Monica Obniski; With contributions by Patricia Urquiola, Stephen Burks, Michelle Joan Wilkinson, Glenn Adamson, Beatrice Galilee, and bell hooks
Through essays, photo-essays, and a conversation between Black designer Stephen Burks (b. 1969) and the late cultural critic bell hooks, this book contextualizes Burks’s wide-ranging work while exploring design’s influence on politics, society, and culture. Burks’s work is underpinned by his belief in a pluralistic vision of design that is inclusive of all cultural perspectives; the award-winning designer has been commissioned by many of the world’s leading design-driven brands to develop collections that engage hand production as a strategy for innovation.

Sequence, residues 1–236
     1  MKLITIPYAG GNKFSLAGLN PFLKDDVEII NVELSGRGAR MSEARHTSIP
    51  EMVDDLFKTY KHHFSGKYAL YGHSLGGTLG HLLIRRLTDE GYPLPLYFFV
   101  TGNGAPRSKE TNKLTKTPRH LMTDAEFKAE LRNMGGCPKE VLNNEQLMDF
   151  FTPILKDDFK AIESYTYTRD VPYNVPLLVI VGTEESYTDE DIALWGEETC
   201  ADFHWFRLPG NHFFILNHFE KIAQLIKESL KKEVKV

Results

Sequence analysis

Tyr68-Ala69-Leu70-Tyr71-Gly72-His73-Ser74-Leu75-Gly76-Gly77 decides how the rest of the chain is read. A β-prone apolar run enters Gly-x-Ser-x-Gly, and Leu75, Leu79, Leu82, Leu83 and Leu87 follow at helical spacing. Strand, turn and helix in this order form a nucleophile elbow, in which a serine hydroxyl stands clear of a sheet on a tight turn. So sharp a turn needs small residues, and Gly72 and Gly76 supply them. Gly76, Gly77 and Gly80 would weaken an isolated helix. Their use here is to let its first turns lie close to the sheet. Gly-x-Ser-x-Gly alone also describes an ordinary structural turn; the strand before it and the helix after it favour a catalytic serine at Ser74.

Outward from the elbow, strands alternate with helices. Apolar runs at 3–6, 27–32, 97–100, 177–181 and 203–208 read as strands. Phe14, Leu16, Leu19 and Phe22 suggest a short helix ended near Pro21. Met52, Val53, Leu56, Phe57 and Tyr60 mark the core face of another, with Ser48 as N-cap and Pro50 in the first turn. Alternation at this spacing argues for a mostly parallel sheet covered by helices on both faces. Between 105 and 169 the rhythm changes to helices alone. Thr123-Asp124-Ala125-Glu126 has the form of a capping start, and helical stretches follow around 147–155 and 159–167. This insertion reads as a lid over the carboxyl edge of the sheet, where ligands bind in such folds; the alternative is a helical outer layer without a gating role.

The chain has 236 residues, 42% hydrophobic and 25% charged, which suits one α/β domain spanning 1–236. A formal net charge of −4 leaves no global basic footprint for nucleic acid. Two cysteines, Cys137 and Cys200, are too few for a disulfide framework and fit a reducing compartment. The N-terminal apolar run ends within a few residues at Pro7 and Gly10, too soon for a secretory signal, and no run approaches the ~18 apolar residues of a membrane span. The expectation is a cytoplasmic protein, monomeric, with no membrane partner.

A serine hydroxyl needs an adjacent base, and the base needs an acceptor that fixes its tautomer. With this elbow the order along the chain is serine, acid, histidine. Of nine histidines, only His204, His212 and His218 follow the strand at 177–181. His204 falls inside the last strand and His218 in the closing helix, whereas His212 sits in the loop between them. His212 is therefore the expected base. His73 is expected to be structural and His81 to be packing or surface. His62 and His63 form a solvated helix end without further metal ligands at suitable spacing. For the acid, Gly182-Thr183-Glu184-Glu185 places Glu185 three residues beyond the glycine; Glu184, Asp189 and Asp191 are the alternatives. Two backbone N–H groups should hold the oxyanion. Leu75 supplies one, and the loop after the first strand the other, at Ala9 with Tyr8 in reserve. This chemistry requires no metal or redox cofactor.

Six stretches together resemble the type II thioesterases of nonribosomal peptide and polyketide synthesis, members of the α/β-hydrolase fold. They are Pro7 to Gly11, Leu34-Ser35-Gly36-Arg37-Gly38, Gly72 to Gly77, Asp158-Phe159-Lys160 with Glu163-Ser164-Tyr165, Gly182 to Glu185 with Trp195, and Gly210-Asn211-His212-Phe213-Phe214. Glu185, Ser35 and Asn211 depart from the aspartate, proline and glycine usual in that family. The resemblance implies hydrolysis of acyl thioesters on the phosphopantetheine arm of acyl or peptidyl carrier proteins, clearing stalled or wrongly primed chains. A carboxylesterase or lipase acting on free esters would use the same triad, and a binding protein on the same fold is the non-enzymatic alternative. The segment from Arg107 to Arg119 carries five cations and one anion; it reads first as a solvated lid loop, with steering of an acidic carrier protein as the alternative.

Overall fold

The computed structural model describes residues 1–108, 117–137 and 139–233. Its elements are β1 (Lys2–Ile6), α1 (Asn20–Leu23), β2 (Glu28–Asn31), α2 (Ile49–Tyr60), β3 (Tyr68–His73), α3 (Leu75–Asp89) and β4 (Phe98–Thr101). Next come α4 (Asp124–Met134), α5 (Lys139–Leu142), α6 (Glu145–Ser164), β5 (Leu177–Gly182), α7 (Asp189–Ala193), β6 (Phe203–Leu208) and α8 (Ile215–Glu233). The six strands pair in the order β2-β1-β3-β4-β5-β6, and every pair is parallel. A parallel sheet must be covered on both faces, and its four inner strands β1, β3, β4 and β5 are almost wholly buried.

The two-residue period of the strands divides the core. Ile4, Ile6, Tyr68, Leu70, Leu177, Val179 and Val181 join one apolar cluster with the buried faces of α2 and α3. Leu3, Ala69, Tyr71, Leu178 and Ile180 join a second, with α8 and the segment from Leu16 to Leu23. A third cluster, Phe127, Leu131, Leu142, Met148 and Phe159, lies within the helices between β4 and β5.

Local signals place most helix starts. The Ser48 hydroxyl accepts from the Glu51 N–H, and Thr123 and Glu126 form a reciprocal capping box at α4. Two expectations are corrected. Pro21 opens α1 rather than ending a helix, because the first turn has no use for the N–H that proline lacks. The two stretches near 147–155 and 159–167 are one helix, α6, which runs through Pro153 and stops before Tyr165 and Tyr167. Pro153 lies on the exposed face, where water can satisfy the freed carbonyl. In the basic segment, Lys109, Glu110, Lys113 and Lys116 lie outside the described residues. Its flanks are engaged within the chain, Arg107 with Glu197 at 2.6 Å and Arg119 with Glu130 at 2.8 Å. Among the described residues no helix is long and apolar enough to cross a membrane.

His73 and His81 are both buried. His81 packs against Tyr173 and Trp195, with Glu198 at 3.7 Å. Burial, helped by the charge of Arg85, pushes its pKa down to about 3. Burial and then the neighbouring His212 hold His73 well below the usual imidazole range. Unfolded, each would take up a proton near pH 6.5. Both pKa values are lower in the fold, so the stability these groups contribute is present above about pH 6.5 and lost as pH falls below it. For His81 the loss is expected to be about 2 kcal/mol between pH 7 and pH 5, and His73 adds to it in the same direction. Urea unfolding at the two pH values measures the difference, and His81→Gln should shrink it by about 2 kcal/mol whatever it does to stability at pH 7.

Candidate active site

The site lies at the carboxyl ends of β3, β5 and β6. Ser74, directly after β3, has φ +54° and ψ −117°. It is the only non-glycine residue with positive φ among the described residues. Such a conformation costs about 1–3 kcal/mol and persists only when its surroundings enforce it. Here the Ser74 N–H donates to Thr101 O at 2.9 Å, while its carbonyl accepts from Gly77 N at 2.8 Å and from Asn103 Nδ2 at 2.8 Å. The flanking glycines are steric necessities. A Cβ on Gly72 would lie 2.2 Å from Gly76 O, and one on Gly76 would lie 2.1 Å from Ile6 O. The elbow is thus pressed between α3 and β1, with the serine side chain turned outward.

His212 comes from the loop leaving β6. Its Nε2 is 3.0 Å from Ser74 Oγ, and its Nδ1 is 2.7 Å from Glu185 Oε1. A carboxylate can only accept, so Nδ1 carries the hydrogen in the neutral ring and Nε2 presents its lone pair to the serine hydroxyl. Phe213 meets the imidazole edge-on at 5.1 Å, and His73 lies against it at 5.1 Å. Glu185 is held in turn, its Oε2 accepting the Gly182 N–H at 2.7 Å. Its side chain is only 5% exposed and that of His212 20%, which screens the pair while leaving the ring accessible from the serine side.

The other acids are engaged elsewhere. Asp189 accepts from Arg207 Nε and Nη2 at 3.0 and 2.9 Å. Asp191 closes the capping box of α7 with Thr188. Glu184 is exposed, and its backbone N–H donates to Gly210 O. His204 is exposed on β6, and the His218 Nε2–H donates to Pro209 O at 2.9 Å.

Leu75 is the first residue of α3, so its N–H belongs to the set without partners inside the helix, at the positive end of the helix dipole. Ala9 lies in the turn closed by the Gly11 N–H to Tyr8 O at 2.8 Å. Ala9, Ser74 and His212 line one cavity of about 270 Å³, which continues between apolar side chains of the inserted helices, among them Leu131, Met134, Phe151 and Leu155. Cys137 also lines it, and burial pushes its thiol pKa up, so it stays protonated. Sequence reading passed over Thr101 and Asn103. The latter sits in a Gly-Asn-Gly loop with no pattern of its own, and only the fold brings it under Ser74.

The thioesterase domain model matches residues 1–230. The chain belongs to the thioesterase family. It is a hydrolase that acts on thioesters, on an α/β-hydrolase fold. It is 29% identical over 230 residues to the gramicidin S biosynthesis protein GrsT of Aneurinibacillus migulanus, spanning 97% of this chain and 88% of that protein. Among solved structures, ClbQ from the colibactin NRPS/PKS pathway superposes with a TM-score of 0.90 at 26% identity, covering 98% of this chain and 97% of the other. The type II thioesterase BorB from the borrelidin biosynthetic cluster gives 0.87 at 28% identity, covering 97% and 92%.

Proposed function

The book centers the industrial design and craft collaborations within Burks’s workshop-based design practice and offers an opportunity to reflect on the potential of design at a time when racial, social, and environmental justice remain in jeopardy. Topics explored in the book include an overview of the designer’s practice, from the foundational architecture culture of Chicago (Burks’s birthplace) to his latest speculative project; the workshop-based collaborative ethos of his studio, Stephen Burks Man Made; and the politics of design. In the conversation between bell hooks and Burks, hooks brings her critical eye to design as it relates to the broader field of African American cultural production.
Monica Obniski is curator of decorative arts and design at the High Museum of Art.
8 x 10 x .75 inches, 180 pages, 132 color illustrations, Hardcover.
Member Price: $45